matches all kinds of original C comments without swallowing the ends of them.

The other kind of comments look much easier to match - there are no multiple lines, and the end marker is the end of the line, so a regex like


should be enough to match them all.

Let's consider matching all comments in a C program. Suppose we have two regexes $trad_comment_re for the first kind of regex and $cxx_commment_re for the second kind. Naively we might write something like

 $c =~ m/$trad_comment_re|$cxx_comment_re/

Can you guess the pitfall? The problem is false positives with things which look like comments but aren't:

 char * c = "/* this is not a comment. */";

That's not a comment but a string. Although that one might seem unlikely, you'll also get false positives with things like

 const char * web_address = "";

because of the // in the URL.[3]

A regex to match a C string looks like this:


C strings start and end with double quotes, and they can also include double quotes after a backslash, hence we need to also match \".

Let's say we want to match all comments, then we need to also match for C strings, then discard the C strings, something like this:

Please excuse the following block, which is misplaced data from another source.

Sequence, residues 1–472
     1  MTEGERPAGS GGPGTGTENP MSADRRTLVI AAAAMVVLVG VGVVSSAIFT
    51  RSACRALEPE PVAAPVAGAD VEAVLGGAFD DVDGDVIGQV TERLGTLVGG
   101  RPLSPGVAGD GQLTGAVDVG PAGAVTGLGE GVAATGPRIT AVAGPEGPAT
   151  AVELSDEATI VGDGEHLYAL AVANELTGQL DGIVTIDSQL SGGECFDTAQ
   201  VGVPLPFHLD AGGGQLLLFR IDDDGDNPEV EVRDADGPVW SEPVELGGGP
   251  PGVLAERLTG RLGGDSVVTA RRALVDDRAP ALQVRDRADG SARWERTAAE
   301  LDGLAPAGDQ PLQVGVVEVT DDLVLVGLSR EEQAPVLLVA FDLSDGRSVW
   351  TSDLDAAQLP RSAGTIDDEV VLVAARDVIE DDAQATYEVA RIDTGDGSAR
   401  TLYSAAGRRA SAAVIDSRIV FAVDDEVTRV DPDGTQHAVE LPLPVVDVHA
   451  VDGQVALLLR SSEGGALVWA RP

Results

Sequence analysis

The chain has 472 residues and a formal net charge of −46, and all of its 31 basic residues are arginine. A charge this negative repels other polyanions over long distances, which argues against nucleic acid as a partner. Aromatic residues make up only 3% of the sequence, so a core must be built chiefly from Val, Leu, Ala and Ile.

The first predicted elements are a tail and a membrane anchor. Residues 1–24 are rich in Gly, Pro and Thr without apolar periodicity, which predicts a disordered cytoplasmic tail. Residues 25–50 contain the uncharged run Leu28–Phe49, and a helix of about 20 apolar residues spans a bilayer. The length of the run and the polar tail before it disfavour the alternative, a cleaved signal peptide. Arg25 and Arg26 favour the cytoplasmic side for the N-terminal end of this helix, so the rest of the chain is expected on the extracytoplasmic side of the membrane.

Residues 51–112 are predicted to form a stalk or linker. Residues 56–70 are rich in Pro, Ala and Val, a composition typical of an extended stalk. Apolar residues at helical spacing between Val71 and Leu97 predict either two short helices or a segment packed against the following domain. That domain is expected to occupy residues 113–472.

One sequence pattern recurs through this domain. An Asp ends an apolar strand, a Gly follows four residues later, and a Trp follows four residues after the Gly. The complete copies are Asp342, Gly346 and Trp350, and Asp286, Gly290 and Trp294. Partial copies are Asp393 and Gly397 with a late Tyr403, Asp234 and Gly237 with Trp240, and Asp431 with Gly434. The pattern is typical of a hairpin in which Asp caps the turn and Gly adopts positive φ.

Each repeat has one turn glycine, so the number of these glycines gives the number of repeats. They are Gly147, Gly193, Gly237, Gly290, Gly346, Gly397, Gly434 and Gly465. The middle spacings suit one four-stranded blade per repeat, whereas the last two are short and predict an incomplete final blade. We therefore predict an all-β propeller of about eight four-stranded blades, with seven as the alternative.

while ($c =~ /($string_re|$trad_comment_re|$cxx_comment_re)/g) {
    my $comment = $1;
if ($comment =~ /^".*"$/) {
# Now we have valid comments.

If this all sounds like too much work, try my module C::Tokenize, which offers all the regular expressions. The function strip_comments also takes into account some features of the C language itself, such as that

int/* comment */x;

is a valid C declaration, by inserting a space in place of the comment.

It can even be used to strip C-style comments from JSON, since JSON strings are identical to C strings for the purpose of matching.

[1] According to Dennis Ritchie, the // comments were the comment style of BCPL, a predecessor of C, and were resurrected by C++.

[2] See my C parser cfunctions for an example of lex regexes.

[3] Apparently these were a mistake which Sir Tim Berners-Lee only noticed when he tried to match C comments using a regex.

Check compression in web page